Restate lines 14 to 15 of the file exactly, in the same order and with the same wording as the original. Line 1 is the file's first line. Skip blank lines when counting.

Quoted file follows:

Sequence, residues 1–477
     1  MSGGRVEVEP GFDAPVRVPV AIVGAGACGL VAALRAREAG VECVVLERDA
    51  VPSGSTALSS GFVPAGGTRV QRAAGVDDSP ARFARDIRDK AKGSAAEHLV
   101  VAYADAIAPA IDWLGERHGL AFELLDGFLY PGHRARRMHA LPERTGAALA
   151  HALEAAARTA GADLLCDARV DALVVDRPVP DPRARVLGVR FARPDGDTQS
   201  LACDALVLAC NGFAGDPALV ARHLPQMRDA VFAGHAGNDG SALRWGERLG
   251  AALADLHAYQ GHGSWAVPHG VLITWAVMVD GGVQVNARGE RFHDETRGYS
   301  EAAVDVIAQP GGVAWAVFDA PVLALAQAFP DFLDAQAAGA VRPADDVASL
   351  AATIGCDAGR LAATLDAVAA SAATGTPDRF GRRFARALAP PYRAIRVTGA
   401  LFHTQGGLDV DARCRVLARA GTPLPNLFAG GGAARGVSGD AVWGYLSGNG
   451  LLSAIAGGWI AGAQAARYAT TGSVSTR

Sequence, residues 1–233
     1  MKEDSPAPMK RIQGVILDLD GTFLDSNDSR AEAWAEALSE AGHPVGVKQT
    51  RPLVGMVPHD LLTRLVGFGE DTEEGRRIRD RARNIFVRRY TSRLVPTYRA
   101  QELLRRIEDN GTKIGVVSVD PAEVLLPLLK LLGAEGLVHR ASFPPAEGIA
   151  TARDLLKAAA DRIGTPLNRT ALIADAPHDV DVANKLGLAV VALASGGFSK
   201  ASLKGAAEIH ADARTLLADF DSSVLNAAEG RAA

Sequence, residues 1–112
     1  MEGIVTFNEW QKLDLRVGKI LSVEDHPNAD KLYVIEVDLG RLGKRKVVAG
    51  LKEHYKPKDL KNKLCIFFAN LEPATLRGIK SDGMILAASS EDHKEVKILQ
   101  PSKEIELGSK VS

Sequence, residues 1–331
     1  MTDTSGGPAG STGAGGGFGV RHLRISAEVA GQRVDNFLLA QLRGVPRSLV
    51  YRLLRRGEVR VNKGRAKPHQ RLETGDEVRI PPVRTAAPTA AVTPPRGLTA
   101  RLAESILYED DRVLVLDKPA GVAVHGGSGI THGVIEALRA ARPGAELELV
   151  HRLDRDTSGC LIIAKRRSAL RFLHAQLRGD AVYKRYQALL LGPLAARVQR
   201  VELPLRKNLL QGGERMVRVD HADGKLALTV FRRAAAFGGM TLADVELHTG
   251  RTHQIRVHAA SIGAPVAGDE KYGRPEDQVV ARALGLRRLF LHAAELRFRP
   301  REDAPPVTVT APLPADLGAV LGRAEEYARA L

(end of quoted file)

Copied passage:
    51  RPLVGMVPHD LLTRLVGFGE DTEEGRRIRD RARNIFVRRY TSRLVPTYRA
   101  QELLRRIEDN GTKIGVVSVD PAEVLLPLLK LLGAEGLVHR ASFPPAEGIA